It seems like everywhere you look, there are tools to do something better. Want to schedule your Instagram posts a month in advance? There’s a tool. Want to pick up relative pitch? There’s a tool. Want to train wild leopards to move to your commands? There’s likely a tool for that too, although whether the leopard will be amenable to picking up the training tips is another matter.
Writing tools are no exception. There’s a plethora of them, and I don’t just mean spellcheckers. Chances are you’ve heard of Ulysses and Scrivener, two of the most famous – maybe used them too. They’re supposed to be the thing for writers in a digital-first world, although I’ll personally take pen and paper any day. I do type out my final manuscripts on Google Docs, but the outlines and first drafts are always by hand. Writing tools have always struck me as a little too gimmicky. I haven’t ever bought one for myself, but I’ve tinkered with the free trial of Scrivener and found it too complicated to use comfortably. Which kind of defeats the purpose of writing productively and at length.
There is, however, a lesser-known tool I discovered recently . It’s called Milanote, and it dubs itself ‘the app for creatives’. I was Googling ways to organise my thoughts and ideas and this showed up, and the initial impression was admittedly a good one. Now I love drawing mind maps as much as the next doodler, but sometimes all the hand-drawn stuff gets a little…messy. I get these cravings for an aesthetic chart of literary ideas, you know?
I’ve been using Milanote on and off for the last few months, and I figured I’d share my honest opinion of it as an aide to creative writing. I’ll start off with a disclaimer that I haven’t actually used all of its features, so this isn’t by any means a comprehensive product review, but I do have the general hang of what a writer might be likely to
Milanote allows you to create your own boards with cards for each piece of content (text, images, file uploads and links). Cards get slotted under columns, to which you can add a name like ‘Character List’. You can rearrange columns as you like, rearrange cards within columns and add arrows that connect columns to one another. You can also drag a card out and position it by itself on the board. You have all your basic text functions, like bulleted lists and headers, and you can add a colour to the top of each column to help them stand out.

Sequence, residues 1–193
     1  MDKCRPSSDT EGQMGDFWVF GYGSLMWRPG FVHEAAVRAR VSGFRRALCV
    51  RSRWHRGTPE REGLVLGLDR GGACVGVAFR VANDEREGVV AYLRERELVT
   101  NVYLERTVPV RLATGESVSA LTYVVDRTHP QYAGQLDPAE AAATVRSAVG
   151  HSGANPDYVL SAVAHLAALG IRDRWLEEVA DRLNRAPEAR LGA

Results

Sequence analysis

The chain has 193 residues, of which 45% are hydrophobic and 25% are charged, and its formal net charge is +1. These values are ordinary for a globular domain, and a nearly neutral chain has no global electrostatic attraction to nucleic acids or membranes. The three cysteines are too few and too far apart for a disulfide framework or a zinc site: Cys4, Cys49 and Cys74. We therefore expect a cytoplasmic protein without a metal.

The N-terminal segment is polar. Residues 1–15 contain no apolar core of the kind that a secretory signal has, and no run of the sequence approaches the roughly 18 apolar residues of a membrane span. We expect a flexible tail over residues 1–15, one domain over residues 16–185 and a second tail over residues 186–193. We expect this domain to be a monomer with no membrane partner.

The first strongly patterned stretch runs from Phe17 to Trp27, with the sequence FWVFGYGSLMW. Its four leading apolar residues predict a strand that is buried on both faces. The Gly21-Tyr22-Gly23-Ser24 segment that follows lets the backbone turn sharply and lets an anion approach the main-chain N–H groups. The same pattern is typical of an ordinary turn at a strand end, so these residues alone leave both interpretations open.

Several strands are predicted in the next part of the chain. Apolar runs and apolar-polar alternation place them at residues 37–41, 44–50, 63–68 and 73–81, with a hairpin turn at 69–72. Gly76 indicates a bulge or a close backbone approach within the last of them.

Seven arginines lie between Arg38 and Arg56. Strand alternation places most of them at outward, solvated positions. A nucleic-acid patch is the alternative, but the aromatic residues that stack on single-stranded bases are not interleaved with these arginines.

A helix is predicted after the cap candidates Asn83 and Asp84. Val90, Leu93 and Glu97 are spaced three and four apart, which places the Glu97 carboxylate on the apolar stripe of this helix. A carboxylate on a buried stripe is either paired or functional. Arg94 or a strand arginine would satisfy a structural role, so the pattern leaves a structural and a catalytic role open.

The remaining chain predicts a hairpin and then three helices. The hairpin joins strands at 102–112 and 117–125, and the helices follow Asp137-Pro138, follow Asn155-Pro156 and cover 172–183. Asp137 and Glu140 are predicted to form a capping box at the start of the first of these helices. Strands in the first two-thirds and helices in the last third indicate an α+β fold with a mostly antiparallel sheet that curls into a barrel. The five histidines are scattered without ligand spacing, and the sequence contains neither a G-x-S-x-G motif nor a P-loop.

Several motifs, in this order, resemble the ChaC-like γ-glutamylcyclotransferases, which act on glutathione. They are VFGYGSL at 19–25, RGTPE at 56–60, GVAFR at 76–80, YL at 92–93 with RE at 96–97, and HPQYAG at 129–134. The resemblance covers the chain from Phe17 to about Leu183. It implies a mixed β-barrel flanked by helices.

Here’s a small section from one of my boards to show you what it’s like:
One interesting feature they’ve added for writers is a collection of pre-made boards for things like character profile and story outline, where you have a set of pre-filled cards with sample characters and plots. They’re supposed to give you a good place to start your own profile/outline, and while I’m weird and like to do my own outlines from scratch, the template boards are helpful if you’re looking for a bit of a shortcut.
Pretty good. It’s all intuitive. You can move cards around by drag-and-drop and extend the length/change the directions of arrows to create different types of connecting pathways. My only minor disappointment was about the cards not being swipe-able by touch, although that might be there on iPads – I couldn’t do it on my Microsoft Surface Pro laptop.
It’s free! At least, for the first 100 cards. You can get 20 more each time you invite a friend to sign up for an account, and you can get unlimited cards for about $12 a month. I’ve managed so far on the 120 allowance (got the husband to sign up), and when I run out of cards I’ll probably delete the content on old ones so I can use them up again. I don’t really see myself paying for more cards, although you might benefit from that if you have a large number of simultaneous projects or are doing some highly complex worldbuilding.
This is the big question – does Milanote live up to its claim of being the app for creative people? How much does it really enrich the writing process? Here’s what it does for me – it helps me organise my random ideas into a nice neat chart and move them around as I develop connecting threads and more complete storylines. Is that useful? Certainly. Is it aesthetically pleasing? For sure. But is it the thing for me? I’d still say…nah. Nothing beats the freedom of pen and paper, even if it can get a little messy.
Of course, that’s just my personal opinion. Objectively speaking, I would say that Milanote is certainly a useful tool for organising thoughts and developing storylines, and its biggest advantage is that it’s extremely intuitive, without any unnecessary features. And given that it’s free and that it can be used on all major operating systems, I’d definitely recommend you give it a try. Who knows – if you’re looking for an upgrade from your notebook, this might just be the answer for you.